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News Corp. and Hulu have been talking a lot about ways they could charge for Hulu content of late. But two months into 2010, we have little word on how that will come to fruition (except a rumor that iPad users will have to pay to watch Hulu). Well, video upstart Boxee has a few ideas.
Last month the digital video provider announced plans to charge for its content. And today, Beet.TV has a video of Boxee CEO Avner Ronen explaining some of the details.
If anything, maybe this could help Hulu open up and let Boxee have access to its video again.
Until this month, Boxee had been streaming Hulu videos to its customers television sets. Hulu cut off ties to Boxee at the insistence of some of its content providers. This was despite the fact that Boxee brought the video site 100,000 views in the last week they were allowed to stream Hulu content to television sets.
But if Hulu is going to start charging to put its content on different devices (as the iPad rumors suggest) or if cable providers want to provide their own devices (as news this week suggests), giving Boxee free access could be problematic. That's too bad. Aside from bringing in extra page views, Boxee has some good idea on charging for video content.
The company's announcement in January gave some good clues about charging for online video. Namely, that videos that cost money should have new content. From the company's blog:
"We plan to release a Payment Platform this summer where users will be able to make purchases with one click on the remote. The content partners we launch with will offer shows, movies and channels that were previously not available to Boxee users. The content owners will be able to package and price as they wish, including pay-per-view and subscription. Content partners will have the flexibility to decide what they make available, whether it’s premium content, content from their existing library, or extras that will never make it 'on air.'"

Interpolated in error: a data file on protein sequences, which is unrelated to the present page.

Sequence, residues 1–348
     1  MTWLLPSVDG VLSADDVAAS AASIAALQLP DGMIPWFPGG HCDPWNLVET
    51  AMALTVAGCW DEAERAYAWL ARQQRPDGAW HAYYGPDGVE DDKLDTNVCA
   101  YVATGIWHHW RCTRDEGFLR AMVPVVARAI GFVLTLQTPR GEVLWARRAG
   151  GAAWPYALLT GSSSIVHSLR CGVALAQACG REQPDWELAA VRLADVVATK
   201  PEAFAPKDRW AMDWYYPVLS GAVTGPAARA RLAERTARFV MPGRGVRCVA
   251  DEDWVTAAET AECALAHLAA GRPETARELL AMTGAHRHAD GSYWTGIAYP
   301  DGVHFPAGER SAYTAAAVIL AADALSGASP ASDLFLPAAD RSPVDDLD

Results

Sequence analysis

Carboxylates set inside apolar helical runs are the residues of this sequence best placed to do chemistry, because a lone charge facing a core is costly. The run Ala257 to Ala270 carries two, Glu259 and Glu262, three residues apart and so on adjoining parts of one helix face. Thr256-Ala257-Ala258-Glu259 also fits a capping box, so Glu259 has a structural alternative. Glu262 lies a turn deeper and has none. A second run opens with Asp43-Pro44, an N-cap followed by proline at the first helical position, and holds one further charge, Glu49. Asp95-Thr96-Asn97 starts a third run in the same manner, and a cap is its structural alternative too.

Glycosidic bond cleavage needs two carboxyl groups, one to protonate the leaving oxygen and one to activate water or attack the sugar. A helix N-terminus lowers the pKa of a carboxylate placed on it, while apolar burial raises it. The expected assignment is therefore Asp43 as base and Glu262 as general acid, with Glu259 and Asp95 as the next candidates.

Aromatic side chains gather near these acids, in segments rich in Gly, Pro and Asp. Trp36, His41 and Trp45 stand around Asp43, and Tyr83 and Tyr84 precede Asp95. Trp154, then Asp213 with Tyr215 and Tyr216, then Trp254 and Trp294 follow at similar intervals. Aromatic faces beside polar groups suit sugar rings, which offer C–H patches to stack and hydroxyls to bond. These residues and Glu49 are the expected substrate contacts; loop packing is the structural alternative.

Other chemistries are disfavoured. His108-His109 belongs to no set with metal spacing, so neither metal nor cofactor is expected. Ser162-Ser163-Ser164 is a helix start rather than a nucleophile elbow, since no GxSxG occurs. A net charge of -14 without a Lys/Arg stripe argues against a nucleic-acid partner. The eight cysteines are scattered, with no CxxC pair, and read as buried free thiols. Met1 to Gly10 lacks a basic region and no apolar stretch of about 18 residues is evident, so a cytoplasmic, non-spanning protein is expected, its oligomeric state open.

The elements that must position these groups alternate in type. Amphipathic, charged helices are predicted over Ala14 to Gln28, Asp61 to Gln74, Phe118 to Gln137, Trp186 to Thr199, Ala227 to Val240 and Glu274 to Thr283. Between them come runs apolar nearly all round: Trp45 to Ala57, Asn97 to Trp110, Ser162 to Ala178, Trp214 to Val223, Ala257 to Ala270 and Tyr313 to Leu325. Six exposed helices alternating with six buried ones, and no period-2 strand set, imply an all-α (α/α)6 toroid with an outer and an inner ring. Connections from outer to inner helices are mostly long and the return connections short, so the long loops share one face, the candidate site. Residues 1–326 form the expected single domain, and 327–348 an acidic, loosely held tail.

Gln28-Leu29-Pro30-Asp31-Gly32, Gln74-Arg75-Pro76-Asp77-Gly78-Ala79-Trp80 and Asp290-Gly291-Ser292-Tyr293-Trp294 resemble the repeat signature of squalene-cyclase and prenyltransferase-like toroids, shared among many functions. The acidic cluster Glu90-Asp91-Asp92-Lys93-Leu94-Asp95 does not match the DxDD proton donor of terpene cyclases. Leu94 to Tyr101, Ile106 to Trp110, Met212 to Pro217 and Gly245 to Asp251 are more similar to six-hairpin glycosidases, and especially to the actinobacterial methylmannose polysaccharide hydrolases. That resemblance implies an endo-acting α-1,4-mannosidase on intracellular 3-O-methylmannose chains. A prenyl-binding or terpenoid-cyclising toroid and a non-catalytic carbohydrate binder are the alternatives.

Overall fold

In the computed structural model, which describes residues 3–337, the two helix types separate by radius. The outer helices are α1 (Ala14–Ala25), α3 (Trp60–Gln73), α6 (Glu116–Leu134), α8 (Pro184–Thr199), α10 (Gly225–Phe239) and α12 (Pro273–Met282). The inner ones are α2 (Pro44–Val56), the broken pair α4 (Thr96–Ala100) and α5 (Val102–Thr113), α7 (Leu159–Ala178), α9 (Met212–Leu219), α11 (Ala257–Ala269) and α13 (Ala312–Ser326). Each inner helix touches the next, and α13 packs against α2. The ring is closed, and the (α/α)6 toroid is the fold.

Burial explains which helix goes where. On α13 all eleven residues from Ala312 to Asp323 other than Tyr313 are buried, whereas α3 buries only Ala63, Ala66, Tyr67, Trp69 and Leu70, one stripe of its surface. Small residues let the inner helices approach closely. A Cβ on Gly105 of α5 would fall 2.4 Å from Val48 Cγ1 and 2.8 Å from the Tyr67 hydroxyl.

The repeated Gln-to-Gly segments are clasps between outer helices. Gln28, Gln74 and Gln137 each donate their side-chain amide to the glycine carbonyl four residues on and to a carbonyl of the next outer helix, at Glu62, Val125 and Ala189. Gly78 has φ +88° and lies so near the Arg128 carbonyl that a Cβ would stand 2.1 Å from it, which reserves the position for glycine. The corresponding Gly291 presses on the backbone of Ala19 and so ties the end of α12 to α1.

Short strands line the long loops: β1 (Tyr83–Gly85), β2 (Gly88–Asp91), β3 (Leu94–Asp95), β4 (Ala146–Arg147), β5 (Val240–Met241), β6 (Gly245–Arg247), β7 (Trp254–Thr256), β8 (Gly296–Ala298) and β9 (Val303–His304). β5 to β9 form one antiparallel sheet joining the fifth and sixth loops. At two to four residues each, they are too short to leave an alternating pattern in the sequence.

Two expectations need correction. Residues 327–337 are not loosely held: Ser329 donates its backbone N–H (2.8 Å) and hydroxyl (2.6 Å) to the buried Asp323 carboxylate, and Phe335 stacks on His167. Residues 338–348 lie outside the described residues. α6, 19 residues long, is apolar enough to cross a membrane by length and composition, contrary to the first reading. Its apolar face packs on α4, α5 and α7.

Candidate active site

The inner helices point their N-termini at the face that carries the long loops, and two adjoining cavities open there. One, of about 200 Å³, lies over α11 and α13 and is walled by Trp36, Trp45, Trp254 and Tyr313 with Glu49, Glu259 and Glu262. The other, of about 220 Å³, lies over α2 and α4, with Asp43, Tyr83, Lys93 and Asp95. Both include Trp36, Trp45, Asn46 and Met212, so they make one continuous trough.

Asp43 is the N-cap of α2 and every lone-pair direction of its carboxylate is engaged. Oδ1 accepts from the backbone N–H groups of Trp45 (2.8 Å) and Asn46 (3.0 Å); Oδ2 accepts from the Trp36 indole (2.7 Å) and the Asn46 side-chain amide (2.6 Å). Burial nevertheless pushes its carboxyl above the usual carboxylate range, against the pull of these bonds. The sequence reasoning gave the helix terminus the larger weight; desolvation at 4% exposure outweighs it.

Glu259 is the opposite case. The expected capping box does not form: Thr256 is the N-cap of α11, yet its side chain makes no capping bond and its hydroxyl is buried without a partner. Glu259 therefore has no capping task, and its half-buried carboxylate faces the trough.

By leaving it up to the content providers to choose a payment level, Boxee will remain more impartial in providing content and leave it up to creators to choose their price points. They'll take a cut of the proceeds (apparently muss less than the standard 30% at the iTunes store).
The platform already charges for some content — namely Netflix films and live Major League Baseball games — and going forward, the company is going to stick with the micropayment model.
According to Ronen:
"We announced a payent platform that ...for consumers, one time you put in your billing information. And as you browse across Boxee, if you come across stuff that requires payment, it's going to be one click for you.
For content owners, they can package and price content however they want.... it gives them control over the experience... and hopefully that will make more content available to Boxee users."
Moreover, Ronen has comforting words for the networks:
"I don't think paid content is a curse word for users. I think that users will be willing to pay for content as long as they value it."
And good news for Hulu directly, he talks about what he thinks consumers want to pay for:
"I think they'll pay for sports, I think they'll pay for movies... TV shows... and niche content that is driving a deeper experience. Exposing content that is today otherwise not accessible."
There's no proof that Hulu will listen to Boxee's advice. The rumored plan to charge for Hulu access on the iPad would be misguided if it came to fruition. Consumers aren't likely to pay to access content they can get for free elsewhere. But if Hulu can get new shows and provide new value and new niches for consumers, that could be a winning strategy.
And perhaps — though this is a long shot — if Boxee gives Hulu enough good ideas about charging for content, they'll let Boxee have access to Hulu videos again.